•Currently, an estimated four million Kenyans live, study and work abroad.
•CBK data shows the diaspora community cumulatively sent $4billion (Sh536.5 billion) in the 12 months to March 2023, compared to $3.9 billion (Sh 523.1 billion) in 2022.
Low exchange rates offered by banks in Kenya are discouraging the Kenyan diaspora community from tapping investment opportunities in the country, industry players and migrants’ now say.
This coupled with the high cost of sending money back home and time taken to clear transactions by banks has seen Kenyans in the diaspora continue to prefer digital applications and mobile money transactions, which fail to accommodate sizeable amounts for huge investments.
Hence, most cash sent back home (about 75 per cent) goes towards utility by family and friends with a paltry 25 per cent making it into savings, according to the Kenya Diaspora Alliance (KDA).
Locally, individual forex bureaus remain the most preferred over banks as they offer favourable rates.
For instance yesterday, exchange rates at banks were ranging between Sh128 and Sh130 to a dollar, below the Central Bank of Kenya’s 135 average.
Forex bureaus are offering up to 140, meaning one gets more value than going to the banks.
Banks were on the other hand selling the dollar at a high of 145, way above the CBK’s 135.5 mark, meaning importers or anyone buying are spending more.
“The rates are very discouraging, we need a platform that can offer value for the dollars sent home to encourage investments”KDA director Kent Libiso said.
He spoke during the launch of the Affordable Remittances and Enhanced Financial Inclusion Programme, targeted at rural communities.
This is an initiative by SME focused lender-Credit Bank, Interswitch and Ria Money Transfer, in association with KDA and Nyumba Mkononi, a mobile platform that connects people building homes with suppliers and manufacturers of building materials.
The programme co-funded by the European Union and the International Fund for Agriculture Development (IFAD) is targeting to utilise Sacco networks and digital solutions, to encourage investments mainly in real estate, individual home ownerships and agriculture sector.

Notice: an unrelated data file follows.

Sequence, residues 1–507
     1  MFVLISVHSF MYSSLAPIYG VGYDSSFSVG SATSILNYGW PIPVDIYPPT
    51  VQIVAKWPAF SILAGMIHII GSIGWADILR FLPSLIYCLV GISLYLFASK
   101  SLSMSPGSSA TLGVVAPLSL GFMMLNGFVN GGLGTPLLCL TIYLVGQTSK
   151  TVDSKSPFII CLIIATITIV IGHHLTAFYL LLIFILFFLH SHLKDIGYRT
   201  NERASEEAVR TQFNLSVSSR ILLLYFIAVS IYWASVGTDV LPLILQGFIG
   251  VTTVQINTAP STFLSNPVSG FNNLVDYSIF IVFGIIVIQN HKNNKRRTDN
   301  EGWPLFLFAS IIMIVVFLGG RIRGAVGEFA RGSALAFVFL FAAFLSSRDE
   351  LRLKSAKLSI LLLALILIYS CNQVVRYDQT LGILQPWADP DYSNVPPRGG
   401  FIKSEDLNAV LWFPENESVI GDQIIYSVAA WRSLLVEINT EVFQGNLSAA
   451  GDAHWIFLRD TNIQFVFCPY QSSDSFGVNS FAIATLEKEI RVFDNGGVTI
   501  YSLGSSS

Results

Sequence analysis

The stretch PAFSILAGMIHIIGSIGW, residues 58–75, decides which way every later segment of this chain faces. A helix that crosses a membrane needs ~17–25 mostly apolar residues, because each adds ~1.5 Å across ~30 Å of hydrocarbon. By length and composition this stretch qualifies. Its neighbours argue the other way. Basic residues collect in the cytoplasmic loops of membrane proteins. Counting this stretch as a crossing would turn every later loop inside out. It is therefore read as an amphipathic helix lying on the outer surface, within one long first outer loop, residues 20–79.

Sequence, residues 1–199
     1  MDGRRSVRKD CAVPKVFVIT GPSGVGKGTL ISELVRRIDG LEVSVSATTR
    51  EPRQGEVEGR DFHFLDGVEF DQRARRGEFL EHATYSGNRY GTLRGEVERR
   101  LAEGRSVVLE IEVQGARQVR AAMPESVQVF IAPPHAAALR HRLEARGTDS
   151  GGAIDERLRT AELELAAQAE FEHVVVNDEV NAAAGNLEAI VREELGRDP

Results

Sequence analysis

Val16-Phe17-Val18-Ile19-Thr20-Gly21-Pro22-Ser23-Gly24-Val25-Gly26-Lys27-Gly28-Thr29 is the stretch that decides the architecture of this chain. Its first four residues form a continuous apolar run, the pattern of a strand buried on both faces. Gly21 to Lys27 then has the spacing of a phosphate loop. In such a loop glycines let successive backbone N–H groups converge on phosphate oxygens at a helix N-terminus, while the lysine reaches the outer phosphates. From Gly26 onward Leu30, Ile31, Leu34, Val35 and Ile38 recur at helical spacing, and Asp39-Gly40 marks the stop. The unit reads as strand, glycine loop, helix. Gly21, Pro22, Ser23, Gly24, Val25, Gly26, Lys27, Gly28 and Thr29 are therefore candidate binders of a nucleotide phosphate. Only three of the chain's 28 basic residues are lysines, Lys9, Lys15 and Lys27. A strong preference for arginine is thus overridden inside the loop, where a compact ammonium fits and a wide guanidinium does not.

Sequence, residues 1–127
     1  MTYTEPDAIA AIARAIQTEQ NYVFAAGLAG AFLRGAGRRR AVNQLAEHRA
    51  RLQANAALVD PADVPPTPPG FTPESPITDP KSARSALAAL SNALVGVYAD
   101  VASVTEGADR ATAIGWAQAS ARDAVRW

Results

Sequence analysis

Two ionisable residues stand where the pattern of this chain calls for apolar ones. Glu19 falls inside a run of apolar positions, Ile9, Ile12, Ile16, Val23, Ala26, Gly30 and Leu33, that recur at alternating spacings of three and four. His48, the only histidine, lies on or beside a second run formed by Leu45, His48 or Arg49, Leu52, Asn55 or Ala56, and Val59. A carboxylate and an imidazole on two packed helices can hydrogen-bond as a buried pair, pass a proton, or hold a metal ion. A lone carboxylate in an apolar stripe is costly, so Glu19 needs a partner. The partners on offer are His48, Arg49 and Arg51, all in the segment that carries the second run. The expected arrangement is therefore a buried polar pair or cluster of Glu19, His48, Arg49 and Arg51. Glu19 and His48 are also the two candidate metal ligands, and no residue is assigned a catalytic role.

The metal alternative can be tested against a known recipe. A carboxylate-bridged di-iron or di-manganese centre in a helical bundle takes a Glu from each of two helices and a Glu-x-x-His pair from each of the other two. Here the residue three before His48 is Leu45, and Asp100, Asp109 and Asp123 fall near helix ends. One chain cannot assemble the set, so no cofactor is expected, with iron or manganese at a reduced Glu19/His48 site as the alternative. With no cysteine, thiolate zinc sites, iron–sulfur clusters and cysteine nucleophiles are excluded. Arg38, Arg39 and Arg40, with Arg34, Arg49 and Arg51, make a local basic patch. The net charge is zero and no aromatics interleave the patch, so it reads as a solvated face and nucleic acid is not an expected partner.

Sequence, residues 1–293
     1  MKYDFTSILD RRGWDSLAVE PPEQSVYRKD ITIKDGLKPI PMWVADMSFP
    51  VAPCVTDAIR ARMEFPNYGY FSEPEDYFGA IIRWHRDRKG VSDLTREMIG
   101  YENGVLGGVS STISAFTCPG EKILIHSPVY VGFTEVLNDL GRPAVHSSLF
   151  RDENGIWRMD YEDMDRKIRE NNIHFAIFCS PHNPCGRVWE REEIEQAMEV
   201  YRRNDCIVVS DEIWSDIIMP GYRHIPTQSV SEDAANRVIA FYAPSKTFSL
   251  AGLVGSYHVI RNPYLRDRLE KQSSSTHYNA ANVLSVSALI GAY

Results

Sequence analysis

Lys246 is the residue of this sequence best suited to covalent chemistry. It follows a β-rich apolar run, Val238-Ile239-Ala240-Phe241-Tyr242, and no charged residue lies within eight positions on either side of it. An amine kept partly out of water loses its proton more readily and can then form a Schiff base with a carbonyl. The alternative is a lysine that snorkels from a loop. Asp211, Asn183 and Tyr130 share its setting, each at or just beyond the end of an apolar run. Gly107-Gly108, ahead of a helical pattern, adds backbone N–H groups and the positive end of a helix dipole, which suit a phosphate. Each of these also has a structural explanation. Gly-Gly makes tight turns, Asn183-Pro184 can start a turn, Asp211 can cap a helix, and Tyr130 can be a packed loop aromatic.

It also targets to increase access to remittances by the rural populations.
“We want when Kenyans abroad send money back home, they can come back home to a productive asset, “Credit Bank CEO Betty Korir said, “.We believe that we can take advantage of our wide Sacco networks within our rural communities to make remittances more accessible at the least cost.”
Under this project, the lender will initially work with three Saccos for the next 16months and onboard an additional seven in the next 36months.
“In the next 16 months, we expect to have reached over 5,000 remittance customers with a target of about $50 million (Sh6.8 billion)channeled to productive uses, investments,” Korir said.
The move is likely to eliminate cases of Kenyans returning home to non-existent projects after toiling for years while sending money to relatives for development projects.
Under the programme, Credit Bank has committed to lower the cost of transaction on remittances from the current average of 8.46 per cent, to two per cent.
The programme has the financial backing of the European Union’s Platform for Remittances, Investments and Migrants’ Entrepreneurship in Africa (PRIME Africa).
“Saccos are key instruments in improving financial inclusion,” Remittances and Inclusive Digital Finance Officer, IFAD-FFR, David Berno said.
The Kenyan government is keen to grow annual inflows from about Sh430 billion to a trillion shillings, mainly through an aggressive global job hunt for Kenyans.
Currently, an estimated four million Kenyans live, study and work abroad.
CBK data shows the diaspora community cumulatively sent $4billion (Sh536.5 billion) in the 12 months to March 2023, compared to $3.9 billion (Sh 523.1 billion) sent in a similar period in 2022.
Last month, remittance inflows totaled $357 million (Sh47.9 billion) up from $309.2 million (Sh41.4 billion) in February, as they remained the leading source of foreign exchange earnings for the country.
“The remittance inflows continue to support the current account and the foreign exchange market. The US remains the largest source of remittances into Kenya, accounting for 58 per cent,” CBK says in its weekly bulletin.
Last year, remittances to Sub-Saharan Africa, the region most highly exposed to the effects of the global crisis, grew an estimated 5.2 per cent to $53 billion (Sh6.96 trillion), World Bank indicates, mainly on strong flows to Nigeria and Kenya,
They are however projected to soften to a 3.9 per cent growth this year, as adverse conditions in the global environment and regional source countries persist.